Many laptop users, including Mac professionals, are surprised to learn notebook batteries are considered consumables whose life spans don't always match the intended life span of the laptop's other components. Laptop batteries possess known maximum cycle counts and, as a result, lose effectiveness once they complete so many battery charge cycles.
SEE: Free ebook—Boost your Mac productivity with these 10 techniques (TechRepublic)
Here's how laptop battery charge cycles work. Say you use half your Macbook Air's battery charge today, then recharge it at night, and the next day you repeat the same actions. Although the battery never discharged completely, Apple states that, because you twice drew the battery charge down by half and recharged it, the battery experienced one complete cycle.
How many charge cycles can most Mac laptop batteries experience before being considered consumed? It depends upon the model. 2017 12" MacBooks, 13" MacBook Airs, and 15" MacBook Pros are all rated for 1,000 maximum cycles, whereas a Mid 2009 MacBook Air is rated for only 500. A Late 2008 17" MacBook Pro is only rated for 300 charge cycles. To confirm your Mac notebook's cycle limit, check Apple's site.
How to use the Chargeberry app
While it's possible to natively check a Mac notebook's battery charge cycle count (while holding the Option key, click the Apple icon on the menu bar, then select System Information, which lists the battery cycle count within the Hardware's Power section), the free Chargeberry app simplifies the process and provides guidance to help improve battery life. The app also generates alerts to help prevent the battery level from dropping below 40%, a threshold below which many users do not wish to operate.
Chargeberry permits displaying the battery's remaining estimated run time within the menu bar, as well as the battery's charging status and charge percentage. When running, Chargeberry monitors and records a Mac battery's electrical performance, which the application displays within a customizable Power History view. The Power History view, in addition to logging the time the battery powered the notebook, the time spent charging, how long the battery was fully charged, and how long the notebook was plugged in to electrical power, also lists the applications consuming the most power.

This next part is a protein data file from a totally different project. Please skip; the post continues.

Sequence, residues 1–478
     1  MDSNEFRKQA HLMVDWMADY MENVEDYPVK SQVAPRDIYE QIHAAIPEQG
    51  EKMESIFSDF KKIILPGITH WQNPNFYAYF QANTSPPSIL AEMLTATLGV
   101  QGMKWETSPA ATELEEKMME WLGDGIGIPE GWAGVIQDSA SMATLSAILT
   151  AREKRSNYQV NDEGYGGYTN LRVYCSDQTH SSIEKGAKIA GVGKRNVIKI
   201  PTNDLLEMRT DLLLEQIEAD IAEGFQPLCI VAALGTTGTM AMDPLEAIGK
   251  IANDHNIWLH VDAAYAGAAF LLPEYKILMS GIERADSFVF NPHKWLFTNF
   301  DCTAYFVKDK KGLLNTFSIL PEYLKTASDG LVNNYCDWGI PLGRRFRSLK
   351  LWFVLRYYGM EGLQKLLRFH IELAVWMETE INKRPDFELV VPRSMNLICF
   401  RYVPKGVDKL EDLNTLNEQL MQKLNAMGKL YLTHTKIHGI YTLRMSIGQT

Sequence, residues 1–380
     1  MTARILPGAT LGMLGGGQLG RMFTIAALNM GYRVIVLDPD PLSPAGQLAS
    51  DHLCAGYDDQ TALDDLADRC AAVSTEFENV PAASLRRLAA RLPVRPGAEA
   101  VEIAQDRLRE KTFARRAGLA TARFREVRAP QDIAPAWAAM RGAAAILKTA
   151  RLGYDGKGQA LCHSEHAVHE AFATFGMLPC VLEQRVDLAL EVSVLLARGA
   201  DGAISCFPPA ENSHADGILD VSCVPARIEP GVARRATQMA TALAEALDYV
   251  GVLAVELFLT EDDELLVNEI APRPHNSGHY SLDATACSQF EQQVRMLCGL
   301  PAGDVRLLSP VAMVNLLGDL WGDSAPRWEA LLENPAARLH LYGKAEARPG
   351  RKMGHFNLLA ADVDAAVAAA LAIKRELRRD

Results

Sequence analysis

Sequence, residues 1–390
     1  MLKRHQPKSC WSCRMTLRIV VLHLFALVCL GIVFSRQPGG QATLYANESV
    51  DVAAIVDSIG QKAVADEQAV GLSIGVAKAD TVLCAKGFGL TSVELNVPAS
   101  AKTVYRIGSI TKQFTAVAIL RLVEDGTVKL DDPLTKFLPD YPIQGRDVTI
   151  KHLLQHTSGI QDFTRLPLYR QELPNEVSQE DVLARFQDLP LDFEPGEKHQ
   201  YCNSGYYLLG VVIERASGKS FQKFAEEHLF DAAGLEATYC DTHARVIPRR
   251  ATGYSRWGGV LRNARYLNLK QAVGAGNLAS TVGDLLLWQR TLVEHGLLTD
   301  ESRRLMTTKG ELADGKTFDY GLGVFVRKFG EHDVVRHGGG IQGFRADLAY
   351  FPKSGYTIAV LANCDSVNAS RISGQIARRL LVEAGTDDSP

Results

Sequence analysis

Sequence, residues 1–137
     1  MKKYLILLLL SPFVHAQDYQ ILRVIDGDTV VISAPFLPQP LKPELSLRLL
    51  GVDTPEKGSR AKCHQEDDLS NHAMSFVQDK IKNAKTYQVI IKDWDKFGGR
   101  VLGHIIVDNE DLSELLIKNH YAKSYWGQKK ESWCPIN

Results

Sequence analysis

For guidance on maximizing battery life, Chargeberry users can click the app's menu bar icon and then click the Tips: How to maximize battery life link (Figure A). To view the battery's power history, users need only click the History button that appears when clicking the icon within the menu bar.
Within its main menu, Chargeberry displays the battery's current charge, health status, and time remaining. Within its health details section, Chargeberry displays information regarding the battery's capacity, factory capacity, charge cycle count, temperature, voltage, and manufacture date.
SEE: Swift Programming for Beginners (TechRepublic Academy)
If you want Chargeberry to automatically launch at startup, click the application's icon within the menu bar, click the gear icon in the top right corner, then click Preferences. From the resulting screen, ensure the General tab is selected and click the checkbox for Launch Chargeberry at system startup.
Using the same Preferences menu, clicking the Notifications tab enables configuring charge level notification settings and discharge process alerts. The Notifications tab is also where you configure battery health change alerts and the reminder alert to plug in the notebook's charger when the battery level reaches 40%.
The bottom line
While some of Chargeberry's status display information is available using the Mac's Battery icon and System Information views, Chargeberry places all the battery management information within a single, free app. That's a compelling combination for Mac users seeking to keep an eye on their Mac notebook's battery performance.
- How to get your MacBook Pro battery to last a whole day (CNET)
- How I recovered from my $3,000 MacBook battery bummer (CNET)
- Top 25 laptops with the best battery life (CNET)
- Phone battery quick-charge breakthrough? Meizu it's zero to full in 20 minutes (ZDNet)
- Video: The truth behind Smartphone battery myths (TechRepublic)
- Lunch and learn: BYOD rules and responsibilities (Tech Pro Research)
Erik Eckel owns and operates two technology companies. As a managing partner with Louisville Geek, he works daily as an IT consultant to assist small businesses in overcoming technology challenges and maximizing IT investments. He is also president of Eckel Media Corp., a communications company specializing in public relations and technical authoring projects.